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Keywords:

  • synaptic plasticity;
  • EPSP;
  • NR2A;
  • NR2B;
  • tyrosine phosphorylation

Abstract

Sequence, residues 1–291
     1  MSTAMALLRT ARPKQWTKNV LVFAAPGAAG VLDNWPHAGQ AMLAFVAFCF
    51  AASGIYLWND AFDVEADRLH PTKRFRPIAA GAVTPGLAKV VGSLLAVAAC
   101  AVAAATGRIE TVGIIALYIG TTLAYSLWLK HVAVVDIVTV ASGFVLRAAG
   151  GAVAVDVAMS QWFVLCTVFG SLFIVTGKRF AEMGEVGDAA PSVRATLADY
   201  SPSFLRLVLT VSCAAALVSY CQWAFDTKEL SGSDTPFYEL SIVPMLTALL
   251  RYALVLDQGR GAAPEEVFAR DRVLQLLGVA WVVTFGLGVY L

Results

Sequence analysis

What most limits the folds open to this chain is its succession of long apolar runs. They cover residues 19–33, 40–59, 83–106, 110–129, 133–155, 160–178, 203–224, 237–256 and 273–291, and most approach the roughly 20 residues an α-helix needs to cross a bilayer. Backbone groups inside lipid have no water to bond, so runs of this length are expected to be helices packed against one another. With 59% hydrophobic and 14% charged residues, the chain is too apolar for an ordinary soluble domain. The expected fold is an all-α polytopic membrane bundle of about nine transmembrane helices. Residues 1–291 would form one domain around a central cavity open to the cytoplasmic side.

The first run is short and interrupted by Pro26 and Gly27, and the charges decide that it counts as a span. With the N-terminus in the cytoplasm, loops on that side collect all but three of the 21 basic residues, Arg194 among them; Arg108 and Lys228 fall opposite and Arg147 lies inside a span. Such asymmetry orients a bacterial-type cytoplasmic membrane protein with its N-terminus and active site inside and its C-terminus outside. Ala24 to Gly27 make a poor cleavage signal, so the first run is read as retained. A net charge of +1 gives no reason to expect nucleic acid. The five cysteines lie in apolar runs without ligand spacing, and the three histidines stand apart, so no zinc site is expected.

Normal neuronal activity results in the release of zinc from the synaptic vesicles of glutamatergic terminals and subsequent entry into postsynaptic neurons. Although the exact physiological role of zinc translocation is currently unknown, it is very likely that intracellular zinc exerts long-term modulatory effects upon synaptic transmission since zinc affects various molecules involved in signaling pathways. In this study we used rat hippocampal slices to examine the effect of zinc on glutamatergic synaptic transmission in the Schaffer collateral-CA1 synapses. Following a 10-min exposure to 0.3–1 mM zinc, the magnitude of NMDA receptor-mediated field excitatory postsynaptic potentials (fEPSP) gradually increased over the subsequent 30–40 min. In contrast, the magnitude of AMPA/kainate receptor-mediated fEPSPs remained unchanged. The selective potentiation of NMDA receptor-mediated fEPSPs by zinc was unlikely to be a presynaptic event, since the degree of paired-pulse facilitation was unaltered. Interestingly, the specific Src family tyrosine kinase inhibitor PP2 completely blocked zinc-induced potentiation of NMDA receptor-mediated fEPSP while the inactive analog PP3 had no effect, thereby suggesting the involvement of Src family tyrosine kinases. Furthermore, zinc exposure increased levels of total and tyrosine-phosphorylated forms of NR2A and NR2B in a PP2-dependent manner in both hippocampal slices and cell cultures. In addition, zinc treatment of hippocampal cultures increased the levels of tyrosine phosphorylation at the two positive regulatory sites of Src family tyrosine kinases. Our results demonstrate that zinc increases NMDA receptor function via Src family tyrosine kinase-mediated increases of NR2A and 2B tyrosine phosphorylation. We speculate that intense release of endogenous synaptic zinc may potentiate NMDA receptor-mediated transmission in zinc-containing glutamatergic pathways by a similar mechanism. Synapse 46:49–56, 2002. © 2002 Wiley-Liss, Inc.